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MUSEUMS

Indoor galleries reopen Thursday at deCordova Sculpture Park and Museum

Angela Dufresne's "To Learn Is to Forget," from 2015, is part of the "Visionary New England" exhibition.
Angela Dufresne's "To Learn Is to Forget," from 2015, is part of the "Visionary New England" exhibition.Susan Alzner/Collection of Angela Dufresne

Welcome another one back to the land of the living: The deCordova Sculpture Park and Museum reopens its indoor galleries Thursday with a pair of brand-new shows, both long delayed as COVID-19 threw exhibition schedules into disarray. Visitors have been able to enjoy the museum’s lush grounds for many months, with the Trustees of Reservations opening the rolling 30-acre campus to the public as the weather turned warm. But the museum itself, perched high above Flint’s Pond, had the air of an abandoned fortress, sealed tight and silent. Life returns, finally, with two shows that strike a bright, optimistic tone: “Visionary New England,” about the pervasiveness of utopian experimentation throughout the region, and “Transcendental Modernism,” which offers a broader take on the narrow tale of Modernism to include movements like Afro-futurism and crossover experiments between art and science. Advance tickets are required for indoor and outdoor visits. Reserve your spot via thetrustees.org/decordova.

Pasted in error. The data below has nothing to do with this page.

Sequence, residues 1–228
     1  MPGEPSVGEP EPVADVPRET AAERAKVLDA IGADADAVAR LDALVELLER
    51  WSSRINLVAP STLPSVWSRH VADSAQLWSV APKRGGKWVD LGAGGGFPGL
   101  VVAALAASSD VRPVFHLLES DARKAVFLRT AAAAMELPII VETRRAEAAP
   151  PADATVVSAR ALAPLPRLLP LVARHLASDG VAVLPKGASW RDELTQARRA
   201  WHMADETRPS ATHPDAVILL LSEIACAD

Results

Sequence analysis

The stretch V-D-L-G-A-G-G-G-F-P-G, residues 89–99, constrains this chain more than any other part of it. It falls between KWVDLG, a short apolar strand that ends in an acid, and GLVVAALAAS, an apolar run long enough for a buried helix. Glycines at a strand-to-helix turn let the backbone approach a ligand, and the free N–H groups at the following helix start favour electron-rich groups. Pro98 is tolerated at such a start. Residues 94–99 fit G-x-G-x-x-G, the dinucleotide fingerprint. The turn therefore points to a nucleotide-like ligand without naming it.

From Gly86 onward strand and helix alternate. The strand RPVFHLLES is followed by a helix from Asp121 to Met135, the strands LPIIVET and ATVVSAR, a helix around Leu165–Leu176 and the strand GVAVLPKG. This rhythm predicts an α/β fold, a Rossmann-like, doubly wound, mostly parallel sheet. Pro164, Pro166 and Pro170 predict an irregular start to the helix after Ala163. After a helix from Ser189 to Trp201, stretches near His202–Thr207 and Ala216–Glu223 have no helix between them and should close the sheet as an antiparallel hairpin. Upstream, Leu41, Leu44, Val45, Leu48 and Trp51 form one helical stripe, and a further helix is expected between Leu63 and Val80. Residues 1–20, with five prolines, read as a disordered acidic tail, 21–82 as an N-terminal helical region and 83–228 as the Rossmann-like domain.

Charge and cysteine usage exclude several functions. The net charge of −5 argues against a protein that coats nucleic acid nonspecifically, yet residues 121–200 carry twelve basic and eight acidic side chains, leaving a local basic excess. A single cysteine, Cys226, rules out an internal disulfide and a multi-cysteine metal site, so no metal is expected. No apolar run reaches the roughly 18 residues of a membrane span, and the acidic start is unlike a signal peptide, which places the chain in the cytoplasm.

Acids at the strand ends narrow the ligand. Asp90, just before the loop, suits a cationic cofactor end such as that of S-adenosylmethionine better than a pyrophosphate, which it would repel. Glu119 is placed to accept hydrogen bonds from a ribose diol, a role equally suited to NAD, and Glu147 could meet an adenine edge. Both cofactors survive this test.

Sam Durant's "Transcendental (Wheatley's Desk, Emerson's Chair)," from 2016, is part of the Visionary New England exhibition.
Sam Durant's "Transcendental (Wheatley's Desk, Emerson's Chair)," from 2016, is part of the Visionary New England exhibition.Joshua White/Courtesy Sam Durant and Blum & Poe, Los Angeles/New York/Tokyo

Murray Whyte can be reached at murray.whyte@globe.com. Follow him on Twitter @TheMurrayWhyte.